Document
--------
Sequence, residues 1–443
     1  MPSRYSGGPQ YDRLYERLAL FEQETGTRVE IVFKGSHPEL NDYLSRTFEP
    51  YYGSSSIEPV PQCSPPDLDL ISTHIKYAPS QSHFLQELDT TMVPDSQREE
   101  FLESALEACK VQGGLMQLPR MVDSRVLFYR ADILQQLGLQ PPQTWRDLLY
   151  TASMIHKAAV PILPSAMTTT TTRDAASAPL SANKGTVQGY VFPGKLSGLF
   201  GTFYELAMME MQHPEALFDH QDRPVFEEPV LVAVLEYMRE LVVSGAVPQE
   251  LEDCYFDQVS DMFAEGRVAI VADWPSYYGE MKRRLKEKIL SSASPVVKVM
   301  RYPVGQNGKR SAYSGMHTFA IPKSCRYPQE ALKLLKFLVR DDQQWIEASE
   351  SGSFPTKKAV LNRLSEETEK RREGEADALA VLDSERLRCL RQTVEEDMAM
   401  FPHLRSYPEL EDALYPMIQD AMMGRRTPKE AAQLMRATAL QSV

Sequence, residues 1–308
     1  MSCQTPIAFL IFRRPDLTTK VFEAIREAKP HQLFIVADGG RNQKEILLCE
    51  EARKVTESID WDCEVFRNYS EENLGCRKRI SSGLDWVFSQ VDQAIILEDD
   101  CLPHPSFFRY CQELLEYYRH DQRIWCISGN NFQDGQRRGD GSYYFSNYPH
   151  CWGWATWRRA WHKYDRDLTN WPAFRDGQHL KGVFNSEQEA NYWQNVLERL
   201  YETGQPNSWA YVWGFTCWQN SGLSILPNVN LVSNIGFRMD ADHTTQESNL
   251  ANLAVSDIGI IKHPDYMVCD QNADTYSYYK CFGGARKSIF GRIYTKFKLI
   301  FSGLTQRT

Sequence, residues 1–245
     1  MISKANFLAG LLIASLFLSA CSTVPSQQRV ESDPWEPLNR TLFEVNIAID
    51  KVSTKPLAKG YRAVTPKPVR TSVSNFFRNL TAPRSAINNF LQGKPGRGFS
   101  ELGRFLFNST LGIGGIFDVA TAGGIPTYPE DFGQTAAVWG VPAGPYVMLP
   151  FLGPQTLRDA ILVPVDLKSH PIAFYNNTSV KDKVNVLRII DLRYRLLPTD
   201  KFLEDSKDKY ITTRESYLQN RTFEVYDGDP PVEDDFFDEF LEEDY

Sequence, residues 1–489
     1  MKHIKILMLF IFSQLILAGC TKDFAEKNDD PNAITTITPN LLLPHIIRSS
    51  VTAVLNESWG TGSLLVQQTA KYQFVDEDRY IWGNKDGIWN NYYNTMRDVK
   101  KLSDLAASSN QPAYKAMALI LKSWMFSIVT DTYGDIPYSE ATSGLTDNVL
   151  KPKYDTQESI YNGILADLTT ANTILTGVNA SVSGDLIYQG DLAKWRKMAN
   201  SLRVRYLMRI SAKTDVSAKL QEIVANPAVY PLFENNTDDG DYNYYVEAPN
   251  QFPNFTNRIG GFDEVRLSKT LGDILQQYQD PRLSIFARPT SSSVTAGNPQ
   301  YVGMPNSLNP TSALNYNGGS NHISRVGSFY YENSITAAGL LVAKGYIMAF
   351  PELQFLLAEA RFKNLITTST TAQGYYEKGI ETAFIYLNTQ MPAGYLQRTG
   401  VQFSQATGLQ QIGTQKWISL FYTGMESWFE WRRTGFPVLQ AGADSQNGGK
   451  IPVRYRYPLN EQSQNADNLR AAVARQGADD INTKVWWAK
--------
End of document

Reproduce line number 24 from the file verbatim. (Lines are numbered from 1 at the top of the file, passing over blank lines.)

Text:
   201  KFLEDSKDKY ITTRESYLQN RTFEVYDGDP PVEDDFFDEF LEEDY